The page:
Moon Knight #17
The Structure is poised to make their claim on New York City, but before Moon Knight and his allies can strike at them, the super-assassins Grand Mal and the Nemean must be dealt with. But how will Moon Knight handle two killers who beat him once already? And what shocking revelations will Marc Spector learn about the Fists of Khonshu?
Moon Knight #17 – written by Jed MacKay, with art from Alessandro Cappuccio, colors by Rachelle Rosenberg, and letters from VC’s Cory Petit – deals with the immediate fallout of Hunter Moon’s death at the hands of Grand Mal and the Nemean in the previous issue. The bulk of the issue is Moon Knight enacting his revenge against the duo, before turning his attention to Tutor and his vampire equivalent of a timeshare pitch to other vampiric delegates. The issue ends on a more subdued cliffhanger, with Mr. Knight and Tiagra dressed to the tens, ready to crash the sales pitch and throw another wrench into the vampire’s plans.
MacKay’s script is as thrilling as ever, breaking from the split perspective of the last issue to solely focus on Moon Knight as he executes his vengeance against the hired assassins. MacKay makes clear the reason for Moon Knight’s previous failure, explaining that the vigilante saw the two as supervillains and attempted to fight them on that level, rather than treating them like the mercenaries they are.
By switching his approach, Moon Knight can easily dispatch them with the help of the Midnight Mission building, which MacKay uses as an excellent callback to one of the seemingly standalone early issues of the run. It’s an effective way to showcase the strength of this run, pulling in the various seeded elements to create a tight, cohesive plot that is both unexpected but narratively satisfying. The scripting also makes the case to go back and reread previous issues, to refresh other details that may reappear in future issues.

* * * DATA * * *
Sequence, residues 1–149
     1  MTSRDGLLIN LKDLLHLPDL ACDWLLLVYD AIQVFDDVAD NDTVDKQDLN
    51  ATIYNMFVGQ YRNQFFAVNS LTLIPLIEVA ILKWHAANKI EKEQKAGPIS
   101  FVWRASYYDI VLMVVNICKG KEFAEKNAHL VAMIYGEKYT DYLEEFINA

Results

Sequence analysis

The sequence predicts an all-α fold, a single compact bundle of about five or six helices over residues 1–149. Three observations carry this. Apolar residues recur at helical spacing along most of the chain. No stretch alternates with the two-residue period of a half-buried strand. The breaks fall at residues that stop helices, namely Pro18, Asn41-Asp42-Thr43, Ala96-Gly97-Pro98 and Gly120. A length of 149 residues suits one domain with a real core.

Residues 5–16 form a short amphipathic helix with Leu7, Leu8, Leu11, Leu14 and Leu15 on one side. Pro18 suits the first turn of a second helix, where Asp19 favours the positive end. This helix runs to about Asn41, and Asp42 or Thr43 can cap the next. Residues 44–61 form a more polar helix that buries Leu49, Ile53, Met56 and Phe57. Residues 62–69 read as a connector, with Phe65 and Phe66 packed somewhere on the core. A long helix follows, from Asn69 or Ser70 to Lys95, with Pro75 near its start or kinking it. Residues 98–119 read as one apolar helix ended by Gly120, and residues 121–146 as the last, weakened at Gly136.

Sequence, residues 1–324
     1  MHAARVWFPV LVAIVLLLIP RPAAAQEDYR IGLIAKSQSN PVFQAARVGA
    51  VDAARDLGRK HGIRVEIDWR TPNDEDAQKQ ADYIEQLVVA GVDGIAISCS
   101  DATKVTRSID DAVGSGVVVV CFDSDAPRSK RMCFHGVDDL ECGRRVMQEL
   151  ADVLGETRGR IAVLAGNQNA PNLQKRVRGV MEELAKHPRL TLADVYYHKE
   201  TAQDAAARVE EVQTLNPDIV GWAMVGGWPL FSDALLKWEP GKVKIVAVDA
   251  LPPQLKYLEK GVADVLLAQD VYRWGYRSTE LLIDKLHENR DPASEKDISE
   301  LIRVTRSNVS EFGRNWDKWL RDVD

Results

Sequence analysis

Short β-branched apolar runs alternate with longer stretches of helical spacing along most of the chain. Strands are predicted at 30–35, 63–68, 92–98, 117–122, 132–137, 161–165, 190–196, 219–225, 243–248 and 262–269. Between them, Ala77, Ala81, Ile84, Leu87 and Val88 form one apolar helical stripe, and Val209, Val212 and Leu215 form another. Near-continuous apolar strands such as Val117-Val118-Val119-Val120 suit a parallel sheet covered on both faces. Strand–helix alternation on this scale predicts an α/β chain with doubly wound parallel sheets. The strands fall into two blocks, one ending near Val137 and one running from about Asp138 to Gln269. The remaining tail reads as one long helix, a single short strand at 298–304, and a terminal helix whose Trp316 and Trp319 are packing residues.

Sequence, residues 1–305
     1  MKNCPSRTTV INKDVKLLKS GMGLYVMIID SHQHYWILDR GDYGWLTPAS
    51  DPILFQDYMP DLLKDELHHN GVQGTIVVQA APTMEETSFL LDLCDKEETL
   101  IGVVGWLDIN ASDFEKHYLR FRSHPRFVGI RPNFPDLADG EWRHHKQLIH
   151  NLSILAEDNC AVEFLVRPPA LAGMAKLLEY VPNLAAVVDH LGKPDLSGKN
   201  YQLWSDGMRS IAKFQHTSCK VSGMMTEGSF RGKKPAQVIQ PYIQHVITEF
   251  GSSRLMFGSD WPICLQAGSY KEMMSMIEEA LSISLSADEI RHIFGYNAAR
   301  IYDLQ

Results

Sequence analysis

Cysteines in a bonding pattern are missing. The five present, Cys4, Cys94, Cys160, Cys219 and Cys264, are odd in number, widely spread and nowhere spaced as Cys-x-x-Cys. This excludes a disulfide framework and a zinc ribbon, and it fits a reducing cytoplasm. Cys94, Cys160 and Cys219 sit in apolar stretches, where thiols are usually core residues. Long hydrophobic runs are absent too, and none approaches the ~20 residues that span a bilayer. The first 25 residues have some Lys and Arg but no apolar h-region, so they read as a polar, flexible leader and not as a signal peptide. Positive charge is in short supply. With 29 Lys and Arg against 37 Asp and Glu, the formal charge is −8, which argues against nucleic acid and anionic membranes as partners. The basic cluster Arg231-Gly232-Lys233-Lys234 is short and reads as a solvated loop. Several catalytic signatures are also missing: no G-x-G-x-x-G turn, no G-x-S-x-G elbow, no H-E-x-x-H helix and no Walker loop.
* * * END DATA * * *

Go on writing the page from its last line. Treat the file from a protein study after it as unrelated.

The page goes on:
The sequence set in the Midnight Mission is an inspired choice, as it allows for both Cappuccio and Rosenberg to alter their styles and palettes, leaning into a feral and harsher aesthetic. The sequence plays like a horror-fueled nightmare, in which the assassins are wrapped in chains and dragged through two separate but equally twisted landscapes in the sentient building. For the Grand Mal, the mission shifts into a black (or red, thanks to the coloring) hole lined with skeletons and distorted design work, like a macabre spin on stained glass decor. The Nemean gets his own hell in the form of ancient ruins, filled with beetles clawing at the assassin. It’s an interesting reflection of both Moon Knight’s Egyptian connections, but also Nemean’s roots in Greek mythology.
In both instances, Cappuccio splits the experiences, first showing them as two separate sequences, but bringing them together by the end of the larger plot. The panel composition of the two is striking, using a sharp diagonal to divide the page, which contrasts against the more conventional panels used on the previous pages. That use of sharp panels, harsh linework, and abstract backgrounds takes the book from the concrete world established throughout the series and places it into a looser, more liminal space that distorts the reality of the page.